In 1991, when a railroad tanker spilled its contents into the upper Sacramento River, Jim Pedri, supervising engineer for the California Regional Water Quality Control Board’s Central Valley office, called it “the worst chemical-environmental disaster inland in California history,” according to the New York Times. It killed every living thing in the river for a 45-mile stretch.
The tanker was one of seven to slide off the tracks as it was being pulled by Southern Pacific Transportation Company. It contained the name-brand weed, insect and nematode killer Alco.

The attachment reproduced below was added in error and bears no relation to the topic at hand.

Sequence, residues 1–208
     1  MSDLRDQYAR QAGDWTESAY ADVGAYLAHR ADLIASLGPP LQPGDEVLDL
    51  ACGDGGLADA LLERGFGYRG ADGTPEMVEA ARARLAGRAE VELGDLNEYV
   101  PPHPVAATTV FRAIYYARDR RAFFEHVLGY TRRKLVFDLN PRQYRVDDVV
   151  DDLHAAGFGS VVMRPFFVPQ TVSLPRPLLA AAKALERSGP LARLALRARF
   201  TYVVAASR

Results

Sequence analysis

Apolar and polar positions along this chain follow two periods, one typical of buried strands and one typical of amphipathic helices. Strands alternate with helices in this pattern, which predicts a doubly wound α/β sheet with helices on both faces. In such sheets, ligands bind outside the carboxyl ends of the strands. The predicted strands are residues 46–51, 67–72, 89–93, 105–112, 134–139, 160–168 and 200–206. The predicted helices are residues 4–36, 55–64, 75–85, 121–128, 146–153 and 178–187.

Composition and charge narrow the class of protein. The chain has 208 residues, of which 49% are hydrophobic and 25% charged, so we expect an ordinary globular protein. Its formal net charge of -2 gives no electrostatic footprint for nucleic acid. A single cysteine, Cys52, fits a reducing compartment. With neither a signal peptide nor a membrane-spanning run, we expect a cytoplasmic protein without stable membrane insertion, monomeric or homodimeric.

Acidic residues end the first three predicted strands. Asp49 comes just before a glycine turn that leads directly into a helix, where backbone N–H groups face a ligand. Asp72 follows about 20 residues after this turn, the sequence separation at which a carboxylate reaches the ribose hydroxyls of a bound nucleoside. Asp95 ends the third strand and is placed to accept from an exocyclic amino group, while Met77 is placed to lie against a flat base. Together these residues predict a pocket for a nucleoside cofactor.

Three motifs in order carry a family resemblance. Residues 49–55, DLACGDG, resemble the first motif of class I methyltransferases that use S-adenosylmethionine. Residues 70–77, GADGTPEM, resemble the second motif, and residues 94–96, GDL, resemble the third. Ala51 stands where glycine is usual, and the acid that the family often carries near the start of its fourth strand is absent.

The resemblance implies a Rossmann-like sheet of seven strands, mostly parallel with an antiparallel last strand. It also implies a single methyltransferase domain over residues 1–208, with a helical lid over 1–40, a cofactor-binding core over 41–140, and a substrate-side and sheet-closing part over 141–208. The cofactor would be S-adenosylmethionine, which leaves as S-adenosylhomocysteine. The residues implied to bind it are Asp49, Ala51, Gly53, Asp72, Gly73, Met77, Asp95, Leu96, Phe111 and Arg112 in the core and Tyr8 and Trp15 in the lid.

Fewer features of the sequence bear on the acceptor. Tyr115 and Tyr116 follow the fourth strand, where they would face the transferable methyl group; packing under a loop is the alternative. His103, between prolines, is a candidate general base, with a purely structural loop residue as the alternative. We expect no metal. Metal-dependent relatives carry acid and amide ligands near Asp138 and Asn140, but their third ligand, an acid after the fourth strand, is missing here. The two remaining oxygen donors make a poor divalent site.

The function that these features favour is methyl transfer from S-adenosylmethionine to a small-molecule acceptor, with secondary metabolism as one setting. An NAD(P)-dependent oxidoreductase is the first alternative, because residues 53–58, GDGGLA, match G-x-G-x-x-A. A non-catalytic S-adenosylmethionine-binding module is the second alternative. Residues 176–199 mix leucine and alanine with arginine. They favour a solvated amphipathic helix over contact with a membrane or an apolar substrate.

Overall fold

The chemical blob entered into the Shasta Dam Reservoir, killing at least 1.1 million fish as it flowed with the water and in the ensuing aftermath.
The railroad employees and those who helped to clean up the spill faced medical issues ranging from relatively mild to more severe, which led to payouts, not only for the people involved but for their children as well.